And we can’t stop there! As we move into Romans 8, we see the most beautiful explanation in the Bible of how the truth of the gospel is worked out in our hearts. And… spoiler alert: it’s not a DIY project! (Can I get an AMEN?!)

Read Romans 8:5-6 with me. I love the way it’s paraphrased in The Message version:

Those who think they can do it on their own end up obsessed with measuring their own moral muscle but never get around to exercising it in real life. Those who trust God’s action in them find that God’s Spirit is in them—living and breathing God! Obsession with self in these matters is a dead end; attention to God leads us out into the open, into a spacious, free life. Focusing on the self is the opposite of focusing on God. Anyone completely absorbed in self ignores God, ends up thinking more about self than God. That person ignores who God is and what he is doing. And God isn’t pleased at being ignored.

WOW. Did you catch that?

When we think we can do this life on our own—what I’m calling “DIY motherhood”—we begin obsessing over ourselves and become so inwardly focused that we can’t see God at work in our day-to-day, moment-by-moment lives!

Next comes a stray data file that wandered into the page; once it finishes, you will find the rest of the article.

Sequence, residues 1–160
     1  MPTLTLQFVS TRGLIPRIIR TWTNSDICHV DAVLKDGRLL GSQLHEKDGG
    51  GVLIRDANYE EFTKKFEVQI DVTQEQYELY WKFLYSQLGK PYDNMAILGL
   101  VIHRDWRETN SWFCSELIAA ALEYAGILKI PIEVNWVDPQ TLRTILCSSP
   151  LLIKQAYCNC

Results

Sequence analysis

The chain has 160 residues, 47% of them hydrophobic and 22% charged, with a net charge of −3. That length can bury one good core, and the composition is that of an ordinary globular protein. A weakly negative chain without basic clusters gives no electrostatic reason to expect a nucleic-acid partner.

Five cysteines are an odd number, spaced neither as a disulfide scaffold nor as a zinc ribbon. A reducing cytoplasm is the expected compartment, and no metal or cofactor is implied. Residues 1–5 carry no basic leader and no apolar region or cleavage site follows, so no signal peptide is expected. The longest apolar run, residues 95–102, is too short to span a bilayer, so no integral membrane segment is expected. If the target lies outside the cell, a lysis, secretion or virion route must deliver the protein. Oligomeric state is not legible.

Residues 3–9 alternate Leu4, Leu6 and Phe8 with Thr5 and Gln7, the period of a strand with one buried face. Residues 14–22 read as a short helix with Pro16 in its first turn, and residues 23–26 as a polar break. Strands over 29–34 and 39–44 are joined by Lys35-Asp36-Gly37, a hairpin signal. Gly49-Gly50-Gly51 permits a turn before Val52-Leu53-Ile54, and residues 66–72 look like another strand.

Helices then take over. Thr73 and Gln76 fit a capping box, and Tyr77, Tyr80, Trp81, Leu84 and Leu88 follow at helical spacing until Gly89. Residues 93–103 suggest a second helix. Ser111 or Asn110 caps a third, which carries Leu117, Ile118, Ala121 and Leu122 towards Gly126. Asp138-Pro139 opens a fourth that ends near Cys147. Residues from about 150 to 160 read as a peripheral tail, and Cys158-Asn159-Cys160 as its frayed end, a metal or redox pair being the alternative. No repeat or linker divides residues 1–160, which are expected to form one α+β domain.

Upward Focused

Instead, we should:

  • have our minds set on the Spirit (vv. 5-6),

  • recognize the work that God has already done on the cross (through His Son) and is continuing to do in our hearts (through His Spirit).

So don’t you see that we don’t owe this old do-it-yourself life one red cent. There’s nothing in it for us, nothing at all. The best thing to do is give it a decent burial and get on with your new life. God’s Spirit beckons. There are things to do and places to go!
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I don’t know the details of your story or what’s on your planner for tomorrow, but I’m certain that you have things to do and places to go. You have babies to raise, hearts to shepherd, dreams to accomplish, and more! And the best way to do it all? Don’t do it yourself.

Look upward, not inward. That’s where the real, lasting hope lies.

Apply It:

Take some time this week to read, study, and meditate on the truths packed in Romans 7-8. When you find yourself measuring your “moral muscle” or becoming discouraged by the battle described in Romans 7, stop and remember that God never called you to DIY motherhood. He called you to life IN HIM.